Beaten repeatedly during non-violent civil rights demonstrations in the turbulent 1960s, long-serving Congressman John Lewis (D, GA) had sufficient reason to lead a life filled with bitterness and recrimination. But he didn’t.
Like former slave and abolitionist Frederick Douglass, long-imprisoned anti-apartheid activist Nelson Mandela and Holocaust survivor and Nobel laureate Elie Wiesel, Lewis channeled his anger and passion into advocating for tolerance in a country where bigotry often trumped human compassion.
Lewis died July 17, 2020 at 80 from pancreatic cancer. His strong constitution and rock-solid determination could not overcome an often fatal form of cancer.
During his lifetime, particularly for more than 30 years in the U.S. House of Representatives, Lewis’ voice embodied an impassioned plea for fairness and equality. Democrats and Republicans alike knew that Lewis’ fervent calls for equal voting and housing rights rose from the soul of person who had endured the worst vestiges of crushing segregation and lawless law enforcement.
Lewis’ words were poignant, personal and searing. He had served bravely in the trenches of the battle for civil rights for people whose only offense was the color of their skin, not the quality of their being. He understood senseless and pervasive bias.
In 1965, as he joined many others in crossing the Edmund Pettus Bridge in Selma, AL, he suffered a fractured skull at the disgraceful hands of a baton-wielding white policeman.
Some may have abandoned the civil rights movement to tend to physical and emotional scars. But not John Lewis.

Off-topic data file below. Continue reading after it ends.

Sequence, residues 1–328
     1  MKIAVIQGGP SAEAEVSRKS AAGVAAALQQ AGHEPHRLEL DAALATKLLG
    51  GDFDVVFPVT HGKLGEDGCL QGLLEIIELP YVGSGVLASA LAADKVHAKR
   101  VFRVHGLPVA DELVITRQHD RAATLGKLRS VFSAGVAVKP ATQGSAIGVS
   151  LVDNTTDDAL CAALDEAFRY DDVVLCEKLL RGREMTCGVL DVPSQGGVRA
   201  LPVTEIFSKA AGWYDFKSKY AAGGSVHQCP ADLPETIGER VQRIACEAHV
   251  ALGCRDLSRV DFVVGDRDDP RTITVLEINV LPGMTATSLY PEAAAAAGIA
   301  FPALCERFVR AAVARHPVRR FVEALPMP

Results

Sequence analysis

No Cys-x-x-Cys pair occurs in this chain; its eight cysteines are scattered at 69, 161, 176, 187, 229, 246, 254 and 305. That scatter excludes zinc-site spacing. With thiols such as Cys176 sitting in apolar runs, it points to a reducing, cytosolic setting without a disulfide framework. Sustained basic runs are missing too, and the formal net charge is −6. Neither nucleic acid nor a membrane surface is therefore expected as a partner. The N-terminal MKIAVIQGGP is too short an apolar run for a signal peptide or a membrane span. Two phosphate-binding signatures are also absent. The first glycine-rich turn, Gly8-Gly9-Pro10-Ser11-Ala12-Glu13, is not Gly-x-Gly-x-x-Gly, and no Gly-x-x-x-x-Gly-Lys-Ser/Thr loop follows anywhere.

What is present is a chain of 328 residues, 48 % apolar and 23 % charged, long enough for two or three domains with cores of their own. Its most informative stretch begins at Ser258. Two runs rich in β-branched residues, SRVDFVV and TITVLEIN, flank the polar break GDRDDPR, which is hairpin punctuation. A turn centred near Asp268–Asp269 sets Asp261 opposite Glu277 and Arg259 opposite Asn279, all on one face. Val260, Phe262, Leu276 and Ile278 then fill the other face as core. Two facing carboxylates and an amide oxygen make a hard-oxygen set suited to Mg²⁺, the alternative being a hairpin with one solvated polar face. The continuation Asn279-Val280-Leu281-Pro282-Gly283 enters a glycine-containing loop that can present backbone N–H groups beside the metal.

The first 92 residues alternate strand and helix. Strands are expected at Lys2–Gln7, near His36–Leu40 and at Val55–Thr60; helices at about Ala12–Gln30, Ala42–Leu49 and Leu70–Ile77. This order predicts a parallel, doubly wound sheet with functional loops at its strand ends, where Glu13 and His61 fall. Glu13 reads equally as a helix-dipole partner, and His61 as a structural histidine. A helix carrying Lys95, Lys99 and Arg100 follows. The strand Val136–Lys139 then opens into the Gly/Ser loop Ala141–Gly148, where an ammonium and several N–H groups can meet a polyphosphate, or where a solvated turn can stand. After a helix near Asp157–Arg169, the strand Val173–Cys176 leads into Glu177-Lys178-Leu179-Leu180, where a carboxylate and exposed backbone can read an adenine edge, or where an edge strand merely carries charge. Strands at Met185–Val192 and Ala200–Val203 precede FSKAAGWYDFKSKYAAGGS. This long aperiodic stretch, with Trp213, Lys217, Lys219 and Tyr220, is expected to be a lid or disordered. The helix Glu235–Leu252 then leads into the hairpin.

When treated for a long time as second-class citizens in a country that prided itself on freedom and liberty for all, many might accept that reality and choose to avoid fighting for equal treatment. After all, progress might have seemed improbable, if not impossible, and often dangerous.
Mandela, who later became president of South Africa, could have lost his will and shriveled up in a brutal prison. He chose to live and change his country.
Douglass could have remained a slave in Talbot County. But instead he escaped and became one of the most highly regarded voices in in the abolitionist movement.
Wiesel could have accepted what seemed to be an inevitable death sentence in a Nazi killing camp. But he prevailed, determined to survive and tell the story of unconscionable atrocity in his evocative book, “Night.”
It’s clear by now that I unabashedly admire the character and courage of John Lewis and those who preceded him as inhabitants of a cruel reality dictated by soulless people who failed to understand their mean-spirited and often deadly impulses.
On July 30, the New York Times published an essay written by Lewis for publication on the day of his funeral. It bespeaks optimism about the future, as epitomized by the burgeoning Black Lives Movement sparked by the killing in late May of George Floyd by a Minneapolis policeman.
“Though I may not be here with you, I urge you to answer the highest calling of your heart and stand up for what you believe. In my life I have done all I can to demonstrate that the way of peace, the way of love and nonviolence is the most excellent way. Now it is your turn to let freedom ring,” Lewis wrote as he was dying.
Lewis’ simple but eloquent words are open to all of us for interpretation and adherence.
His final words should inspire everyone, regardless of skin color or religion or gender or sexual preference:
“When historians pick up their pens to write the story of the 21st century, let them say that it was your generation who laid down the heavy burdens of hate at last and that peace finally triumphed over violence, aggression and war.”
His language evokes no bitterness, no anger, no spite and retribution. He simply is calling for all Americans to be better.
Columnist Howard Freedlander retired in 2011 as Deputy State Treasurer of the State of Maryland. Previously, he was the executive officer of the Maryland National Guard. He also served as community editor for Chesapeake Publishing, lastly at the Queen Anne’s Record-Observer. In retirement, Howard serves on the boards of several non-profits on the Eastern Shore, Annapolis and Philadelphia.